Taking Action Express: MN Earns an “A” in Transparency; Join Us in January; No More Hollow Resolutions…
December 22, 2014
The Weekly Buzz: 2014 Report Card on Transparency of Physician Quality Information is Here
At a time when consumers are expected to pay an increasingly large share of their health care costs, access to information that helps them make care decisions is critical.
Spending on medical care varies dramatically depending on the clinics that Minnesotans choose – from $269 to $826 per patient per month – according to a first-of-its-kind analysis designed to make patients wiser shoppers and doctors more accountable for the cost of care, as reported in this new Star Tribune article.
Additionally, the Health Care Incentives Improvement Institute (HCI3) released its second annual State Report Card on Transparency of Physician Quality Information this month, which shows how well states performed in providing objective and useful quality information to residents. Although Minnesota earned one of only two “A”s in the entire country, there is still a lot of work to be done. Take a look at the report to find out how other states are doing at providing public quality information to consumers. Read more about how The Action Group is contributing to continuous improvement in transparency statewide.
Special Open Action Group Meeting in January
The Action Group’s first meeting of the year will be set aside to reflect on the accomplishments and key findings of 2014, and to set forth our plans to continue advancing toward our goals in 2015. Current members are encouraged to bring friends or colleagues who are contemplating membership in 2015. If you are not yet a member and would like to receive an invitation, please contact us at email@example.com. There is no cost to attend, and we will be serving a hot breakfast.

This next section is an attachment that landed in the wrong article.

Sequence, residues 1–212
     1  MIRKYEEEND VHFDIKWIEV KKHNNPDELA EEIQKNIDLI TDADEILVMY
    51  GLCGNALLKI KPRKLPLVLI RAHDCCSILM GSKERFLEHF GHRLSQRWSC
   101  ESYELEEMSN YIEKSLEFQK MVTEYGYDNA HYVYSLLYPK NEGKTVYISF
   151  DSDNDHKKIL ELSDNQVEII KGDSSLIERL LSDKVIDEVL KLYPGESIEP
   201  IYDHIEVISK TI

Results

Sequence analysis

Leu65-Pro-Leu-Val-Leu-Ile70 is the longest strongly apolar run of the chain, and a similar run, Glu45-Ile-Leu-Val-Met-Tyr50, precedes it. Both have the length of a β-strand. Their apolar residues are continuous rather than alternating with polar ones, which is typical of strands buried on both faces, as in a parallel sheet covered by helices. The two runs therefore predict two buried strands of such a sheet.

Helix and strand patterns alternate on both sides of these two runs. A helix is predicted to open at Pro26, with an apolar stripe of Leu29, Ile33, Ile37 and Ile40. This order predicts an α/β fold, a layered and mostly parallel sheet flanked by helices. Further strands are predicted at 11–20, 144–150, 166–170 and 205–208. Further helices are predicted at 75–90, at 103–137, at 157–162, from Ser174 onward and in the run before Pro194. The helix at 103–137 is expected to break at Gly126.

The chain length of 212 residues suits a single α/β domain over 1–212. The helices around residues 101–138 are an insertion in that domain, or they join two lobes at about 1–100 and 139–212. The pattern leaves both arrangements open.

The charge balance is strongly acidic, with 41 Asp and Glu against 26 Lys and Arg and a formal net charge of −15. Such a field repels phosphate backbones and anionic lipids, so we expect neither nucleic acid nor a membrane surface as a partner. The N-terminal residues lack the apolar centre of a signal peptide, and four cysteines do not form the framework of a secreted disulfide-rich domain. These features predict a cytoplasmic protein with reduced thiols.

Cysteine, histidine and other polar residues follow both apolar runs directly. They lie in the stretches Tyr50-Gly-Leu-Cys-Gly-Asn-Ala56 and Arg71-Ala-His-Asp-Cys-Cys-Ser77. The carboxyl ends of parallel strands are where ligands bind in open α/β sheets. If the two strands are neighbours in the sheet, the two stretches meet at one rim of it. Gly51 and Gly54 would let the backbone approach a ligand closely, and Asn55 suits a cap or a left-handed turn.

Losing Weight Needs to be Much More Than a Hollow New Year’s Resolution
Last week, Taking Action Express featured a new report by the McKinsey Global Institute, which revealed that the global cost of obesity has risen to $2 trillion annually. In response to the obesity epidemic, employers are experimenting with increasingly aggressive, personalized approaches to weight loss for workers. From wearable technology, to health care coverage for weight-loss surgeries and drugs, to mental-health counseling, the goal is to get obese employees to normal weight, or even overweight, to save employers an average of nine percent of the money they spend on health care or lose in productivity due to sick time, according to this new Wall St. Journal article.
In response to high member interest in continuously improving employer-sponsored wellness and weight loss programs, the final Action Group member meeting of 2014 featured special guest speaker Jerry Noyce, president and CEO of Health Enhancement Research Organization (HERO), who discussed successful wellness incentive design and recent Equal Employment Opportunity Commission (EEOC) lawsuits. To learn more, click here to read his blog.
Prostate Cancer Action Brief Now Available
As a member of the National Business Coalition on Health, The Action Group makes well over a dozen Action Briefs available to members and non-members. Topics vary widely, from shared decision making, to chronic and serious health conditions, to patient safety, to price transparency, and all include actionable workplace support strategies. This new Action Brief on prostate cancer is now available at mnhealthactiongroup.org.
Thought for the Week
“Tackling weight loss raises thorny issues at the office, and employers are working hard to avoid being seen as targeting certain workers. About 71% of employers representing 600,000 workers said that overcoming stigma and embarrassment represented the biggest hurdle to an effective corporate weight-loss program.”
From an October 2015 Northeast Business Group on Health Survey